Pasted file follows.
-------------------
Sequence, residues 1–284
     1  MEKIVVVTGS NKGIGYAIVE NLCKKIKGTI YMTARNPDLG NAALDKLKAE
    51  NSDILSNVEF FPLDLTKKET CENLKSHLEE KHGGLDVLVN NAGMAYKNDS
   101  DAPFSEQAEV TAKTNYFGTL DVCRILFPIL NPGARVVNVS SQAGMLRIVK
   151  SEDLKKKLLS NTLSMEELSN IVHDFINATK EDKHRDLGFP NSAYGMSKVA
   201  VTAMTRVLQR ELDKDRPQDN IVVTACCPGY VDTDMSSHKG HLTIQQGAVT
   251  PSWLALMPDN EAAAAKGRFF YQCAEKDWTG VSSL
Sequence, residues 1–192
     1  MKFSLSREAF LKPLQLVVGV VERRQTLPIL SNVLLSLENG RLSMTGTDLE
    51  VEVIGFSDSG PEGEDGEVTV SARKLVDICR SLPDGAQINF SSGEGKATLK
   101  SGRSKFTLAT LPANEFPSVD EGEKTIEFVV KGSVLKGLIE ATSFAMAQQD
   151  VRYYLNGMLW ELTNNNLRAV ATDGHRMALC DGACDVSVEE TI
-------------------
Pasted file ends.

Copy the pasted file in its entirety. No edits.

Sequence, residues 1–284
     1  MEKIVVVTGS NKGIGYAIVE NLCKKIKGTI YMTARNPDLG NAALDKLKAE
    51  NSDILSNVEF FPLDLTKKET CENLKSHLEE KHGGLDVLVN NAGMAYKNDS
   101  DAPFSEQAEV TAKTNYFGTL DVCRILFPIL NPGARVVNVS SQAGMLRIVK
   151  SEDLKKKLLS NTLSMEELSN IVHDFINATK EDKHRDLGFP NSAYGMSKVA
   201  VTAMTRVLQR ELDKDRPQDN IVVTACCPGY VDTDMSSHKG HLTIQQGAVT
   251  PSWLALMPDN EAAAAKGRFF YQCAEKDWTG VSSL
Sequence, residues 1–192
     1  MKFSLSREAF LKPLQLVVGV VERRQTLPIL SNVLLSLENG RLSMTGTDLE
    51  VEVIGFSDSG PEGEDGEVTV SARKLVDICR SLPDGAQINF SSGEGKATLK
   101  SGRSKFTLAT LPANEFPSVD EGEKTIEFVV KGSVLKGLIE ATSFAMAQQD
   151  VRYYLNGMLW ELTNNNLRAV ATDGHRMALC DGACDVSVEE TI